Photo: Thorndale, ca. 1837, 213 West Thorndale Drive, Oxford, NC. Listed on the National Register of Historic Places in 1988. Photographed by User:Jerrye & Roy Klotz MD (own work), 2007, [cc-by-3.0 (creativecommons.org/licenses/by/3.0)], via Wikimedia Commons, accessed October, 2013.
Oxford City Hall is located at 300 Williamsboro Street, Oxford, NC 27565.
The present boundaries of Granville County date back to 1746 when Samuel Benton, Granville County's representative to the State Assembly of North Carolina, succeeded in introducing a bill to divide the county into two parts, Granville County and Bute County. Bute County was further divided into Warren and Franklin Counties.
At the time of the county division, the Courthouse was located at Harrisburg, a small agricultural village. Located 1-1/2 miles from Harrisburg was the plantation home known as "Oxford" which was owned by Representative Benton. At the same assembly meeting, when the County was divided into 2 parts, it was also ordered that the Courthouse be moved to a more central location. From his plantation home, Mr. Benton selected and gave to the County 1 acre of land on which the new courthouse was built.
In 1812, upon order of a set of commissioners appointed by the General Assembly, 50 acres of land were platted and streets were laid off in the vicinity of the relocated courthouse. In 1816 corporate government was formed and in that year an act was passed by the assembly incorporating Oxford as a town.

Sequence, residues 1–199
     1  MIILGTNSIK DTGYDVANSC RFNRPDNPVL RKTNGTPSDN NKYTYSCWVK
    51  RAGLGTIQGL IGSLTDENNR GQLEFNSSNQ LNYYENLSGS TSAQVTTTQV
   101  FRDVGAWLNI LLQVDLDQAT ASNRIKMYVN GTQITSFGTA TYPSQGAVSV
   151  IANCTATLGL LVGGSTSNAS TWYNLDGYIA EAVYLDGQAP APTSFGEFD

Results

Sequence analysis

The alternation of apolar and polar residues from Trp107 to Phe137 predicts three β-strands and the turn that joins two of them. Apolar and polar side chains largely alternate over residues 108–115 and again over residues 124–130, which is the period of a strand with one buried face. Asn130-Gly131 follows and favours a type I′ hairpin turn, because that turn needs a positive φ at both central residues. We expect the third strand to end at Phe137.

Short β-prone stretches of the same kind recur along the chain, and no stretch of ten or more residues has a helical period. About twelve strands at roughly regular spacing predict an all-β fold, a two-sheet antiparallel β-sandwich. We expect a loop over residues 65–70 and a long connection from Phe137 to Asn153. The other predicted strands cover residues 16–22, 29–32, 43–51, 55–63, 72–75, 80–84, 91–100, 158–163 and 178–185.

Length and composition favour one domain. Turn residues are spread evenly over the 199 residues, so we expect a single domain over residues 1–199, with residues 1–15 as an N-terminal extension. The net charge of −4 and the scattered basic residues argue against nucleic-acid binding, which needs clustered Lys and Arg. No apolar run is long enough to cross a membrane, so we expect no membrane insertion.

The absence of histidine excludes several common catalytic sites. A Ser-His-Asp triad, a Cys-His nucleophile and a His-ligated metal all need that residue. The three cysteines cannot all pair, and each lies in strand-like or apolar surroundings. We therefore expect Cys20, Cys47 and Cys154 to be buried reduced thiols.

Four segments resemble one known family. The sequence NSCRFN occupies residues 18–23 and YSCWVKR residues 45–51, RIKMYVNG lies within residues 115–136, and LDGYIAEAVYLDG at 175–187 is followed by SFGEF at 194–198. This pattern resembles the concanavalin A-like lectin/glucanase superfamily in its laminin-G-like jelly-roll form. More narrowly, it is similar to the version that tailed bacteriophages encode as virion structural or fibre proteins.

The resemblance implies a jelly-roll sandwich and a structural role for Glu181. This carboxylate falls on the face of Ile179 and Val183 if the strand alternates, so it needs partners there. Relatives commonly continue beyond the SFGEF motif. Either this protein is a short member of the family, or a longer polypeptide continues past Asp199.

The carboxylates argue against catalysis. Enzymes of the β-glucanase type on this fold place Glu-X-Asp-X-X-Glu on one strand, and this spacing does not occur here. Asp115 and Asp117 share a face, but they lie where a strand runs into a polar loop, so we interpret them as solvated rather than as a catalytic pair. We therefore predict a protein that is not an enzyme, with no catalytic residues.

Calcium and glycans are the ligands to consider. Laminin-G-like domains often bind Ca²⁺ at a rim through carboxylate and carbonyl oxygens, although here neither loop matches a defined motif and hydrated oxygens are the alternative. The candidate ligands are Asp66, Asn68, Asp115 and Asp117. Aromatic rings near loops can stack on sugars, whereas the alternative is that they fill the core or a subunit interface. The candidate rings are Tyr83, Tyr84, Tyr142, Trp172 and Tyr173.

During the early years of the 19th century, Oxford grew into a modest educational, manufacturing, governmental and agricultural center. From its beginning, the town served as county seat of Granville County, and was the central meeting and market place for the County. Tobacco and cotton were the two chief staples raised on the large plantation type farms that were in and near Oxford. When the Civil War broke out, Granville County was one of 5 North Carolina counties with as many as 10,000 slaves. The total population at that time was 23,296.
After the Civil War the old plantation economy was changed. Tobacco prevailed as the chief agricultural crop. The spread of the tobacco industry at the end of the War brought a degree of prosperity to the town. In 1865 the first warehouse was built in Oxford and a second one in 1870. During this time buggy manufacturing became an important part of Oxford's economy.
Another factor which further spurred the economy and growth of Oxford was the railway line from Hendersonville laid in 1881 and another line built from Clarksville, Virginia to Oxford in 1888. These 2 lines were connected and extended to Durham. A short while later, the Seaboard Railroad was formed through a combination of many smaller railroads.
Several educational institutions were established in Oxford. In 1850 the Oxford Female College was founded and erected using land set aside by Thomas Littlejohn when land for the Town was originally settled. Horner Military School was established in Oxford in 1851 by James H. Horner. It was continued by his sons and moved to Charlotte in 1914. In 1884 the Masonic Grand Lodge of North Carolina founded Saint John's College and for several years efforts were made to run it. However, in 1872, it was turned into an orphanage which is still in operation and known as The Masonic Home for Children at Oxford.